to meet the entire obligations of citizenship can
only result in a corresponding degree of failure
in government. The greatest danger confronting
our State today is the manifest indifference on the
part of many of her citizens in the affairs of
government. The forces of good and evil fight
just as ceaselessly and just as bitterly in the
life of a Nation as they do in the life of the
individual. Let us not decieve ourselves into
believing that all of the people of Oklahoma
are advocates of or desire good government. Those
most active usually are those whose interest in
government is largely selfish.

During the past and present generation
our people have grown money-mad. In their quest
for gold they have too frequently forgotten or
neglected their duties as citizens. Crafty politicians
and unfaithful public officials have taken advantage
of this and have imposed upon the people conditions
well night intolerable. Certain interests, alert
to the lethargy of the citizen, have procured the
enactment of laws conferring special favors upon such
interests and working a corresponding injury upon the

This axiom of government can be truthfully
stated:- any law which confers a benefit upon a special
interest, individual or community necessarily brings injury
to other interests, other people or other communities
existing under that government. This government is
but an aggregation of the people; it possesses no
power except power derived from the people; it has
no assets except assets of the people, and when it
confers upon a locality or individual any special
grant or favor, it takes that much from all of the

The spirit of selfishness is overdeveloped
in Oklahoma, and the five and half years of State
government have only intensified this evil. We have
opened the treasury of the State and have bidden the
representatives of the people to place their hands
therein and extract therefrom money to be used in
building institutions to the profit of favored
localities without regard to the need of these com-
munities or the rights of the people. Following
this same principle we have created a horde of
needless officers who draw their substance from
a burdened and tax-ridden people, and in the midst
of it all the legislative branch of government sits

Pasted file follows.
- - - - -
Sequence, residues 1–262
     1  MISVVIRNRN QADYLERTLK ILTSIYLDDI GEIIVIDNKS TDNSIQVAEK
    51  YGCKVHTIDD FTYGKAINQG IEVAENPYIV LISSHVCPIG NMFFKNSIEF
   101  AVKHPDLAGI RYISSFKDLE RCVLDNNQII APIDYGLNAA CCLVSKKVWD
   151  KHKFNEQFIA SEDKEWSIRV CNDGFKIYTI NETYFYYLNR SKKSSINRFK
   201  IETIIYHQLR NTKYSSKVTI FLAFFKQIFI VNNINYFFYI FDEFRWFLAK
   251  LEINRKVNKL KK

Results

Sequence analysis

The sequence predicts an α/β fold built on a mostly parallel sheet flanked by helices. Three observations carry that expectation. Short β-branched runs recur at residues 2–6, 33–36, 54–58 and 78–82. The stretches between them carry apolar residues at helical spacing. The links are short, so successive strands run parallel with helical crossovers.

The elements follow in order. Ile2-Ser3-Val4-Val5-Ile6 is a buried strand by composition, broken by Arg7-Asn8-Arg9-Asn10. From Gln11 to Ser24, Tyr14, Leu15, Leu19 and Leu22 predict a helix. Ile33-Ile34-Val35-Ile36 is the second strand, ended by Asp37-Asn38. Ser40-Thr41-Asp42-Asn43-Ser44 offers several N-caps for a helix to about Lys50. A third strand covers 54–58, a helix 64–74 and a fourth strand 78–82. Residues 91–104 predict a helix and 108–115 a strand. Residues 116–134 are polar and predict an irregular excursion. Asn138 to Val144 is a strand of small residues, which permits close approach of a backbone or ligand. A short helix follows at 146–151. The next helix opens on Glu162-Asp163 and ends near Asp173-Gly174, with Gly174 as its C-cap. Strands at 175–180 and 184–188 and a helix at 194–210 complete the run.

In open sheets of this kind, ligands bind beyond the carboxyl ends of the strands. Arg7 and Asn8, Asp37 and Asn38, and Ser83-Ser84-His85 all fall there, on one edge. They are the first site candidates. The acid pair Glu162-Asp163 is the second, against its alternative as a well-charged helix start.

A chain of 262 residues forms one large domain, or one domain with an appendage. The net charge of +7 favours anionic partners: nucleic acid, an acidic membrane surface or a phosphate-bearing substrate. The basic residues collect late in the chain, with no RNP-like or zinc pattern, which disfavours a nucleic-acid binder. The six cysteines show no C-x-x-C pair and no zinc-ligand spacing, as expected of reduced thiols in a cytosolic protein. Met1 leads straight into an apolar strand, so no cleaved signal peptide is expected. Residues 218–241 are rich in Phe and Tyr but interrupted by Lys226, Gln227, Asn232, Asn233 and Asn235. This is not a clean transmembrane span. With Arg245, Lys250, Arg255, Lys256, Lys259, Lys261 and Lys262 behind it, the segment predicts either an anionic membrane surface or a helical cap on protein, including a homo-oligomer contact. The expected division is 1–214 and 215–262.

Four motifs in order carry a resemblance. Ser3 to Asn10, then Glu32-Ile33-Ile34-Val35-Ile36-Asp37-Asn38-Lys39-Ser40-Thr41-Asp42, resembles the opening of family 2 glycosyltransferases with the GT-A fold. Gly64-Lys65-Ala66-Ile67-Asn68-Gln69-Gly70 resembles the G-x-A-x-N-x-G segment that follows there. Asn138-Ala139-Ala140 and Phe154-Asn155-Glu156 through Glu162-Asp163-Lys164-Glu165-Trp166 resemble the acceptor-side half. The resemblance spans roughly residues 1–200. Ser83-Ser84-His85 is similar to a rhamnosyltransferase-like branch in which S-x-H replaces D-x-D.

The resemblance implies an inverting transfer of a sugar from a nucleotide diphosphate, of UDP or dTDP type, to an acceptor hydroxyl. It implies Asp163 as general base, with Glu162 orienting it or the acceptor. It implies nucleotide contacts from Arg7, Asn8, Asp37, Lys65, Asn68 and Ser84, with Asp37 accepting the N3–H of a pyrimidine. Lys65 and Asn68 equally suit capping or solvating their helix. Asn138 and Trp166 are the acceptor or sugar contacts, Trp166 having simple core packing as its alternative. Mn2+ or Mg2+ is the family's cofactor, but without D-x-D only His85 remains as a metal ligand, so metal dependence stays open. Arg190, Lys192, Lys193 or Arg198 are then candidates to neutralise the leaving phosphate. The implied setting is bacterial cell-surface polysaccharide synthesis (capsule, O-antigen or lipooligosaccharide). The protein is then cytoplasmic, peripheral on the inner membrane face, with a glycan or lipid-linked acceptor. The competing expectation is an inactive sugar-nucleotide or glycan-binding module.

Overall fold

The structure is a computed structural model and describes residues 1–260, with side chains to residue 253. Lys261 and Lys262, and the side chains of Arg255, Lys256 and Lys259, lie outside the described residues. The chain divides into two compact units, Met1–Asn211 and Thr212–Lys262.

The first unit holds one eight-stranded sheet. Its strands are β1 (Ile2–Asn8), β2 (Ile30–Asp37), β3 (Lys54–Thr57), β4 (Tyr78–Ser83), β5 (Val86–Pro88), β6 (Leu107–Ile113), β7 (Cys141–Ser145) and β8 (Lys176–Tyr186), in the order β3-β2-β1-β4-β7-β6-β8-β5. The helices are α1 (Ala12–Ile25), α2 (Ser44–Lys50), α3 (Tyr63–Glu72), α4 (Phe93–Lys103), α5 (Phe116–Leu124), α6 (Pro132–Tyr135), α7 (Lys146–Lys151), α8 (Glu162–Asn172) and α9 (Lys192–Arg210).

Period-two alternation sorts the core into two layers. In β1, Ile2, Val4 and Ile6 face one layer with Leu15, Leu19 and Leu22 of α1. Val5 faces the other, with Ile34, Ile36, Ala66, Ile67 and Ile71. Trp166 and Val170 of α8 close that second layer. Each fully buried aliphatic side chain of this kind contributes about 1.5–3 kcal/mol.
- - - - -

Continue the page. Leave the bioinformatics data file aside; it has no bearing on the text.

helpless and impotent.

What is the remedy?- the people. Back of the
courts, back of the executive, back of the legislative
department of government stands the individual citizen.
He is primarily responsible for the type of government
that exists and he must correct it if we are to have
correction. Those who expect reformation in government
to come through the voluntary acts of chosen officials
are dreamers. The average public official is a moral,
self-interested coward. Every public act of his is
determined by the effect it will have upon his political
fortunes. If the people's interests run counter to his
personal ambitions, they must be sacrificed. And again
when you seek a remedy for this condition you will find
it in the people.

In the Constitution of this State an effort
has been made to bring the government closer to the
people and to place upon them in tangible form the re-
sponsibilities of useful citizenship. Through the medium
of the initiative and referendum a weapon is offered
the people whereby they can take in to their hands the
affairs of government, and undertake, in their own way,
the correction of existing wrongs. This is an innovation
in our government of recent origin and gives promise of
becoming a potent factor in making the future government
of Oklahoma in reality a government by the people. With
this tendency to bring the government closer to the
people and to make the individual a more important
factor in government, how important becomes the develop-
ment of a citizenship that will be capable of meeting
the responsibilities of the age.

Another change in government that claims
attention at this time is the tendency towards
extending to women the unrestricted right of suffrage.
A number of the States of the Union have adopted this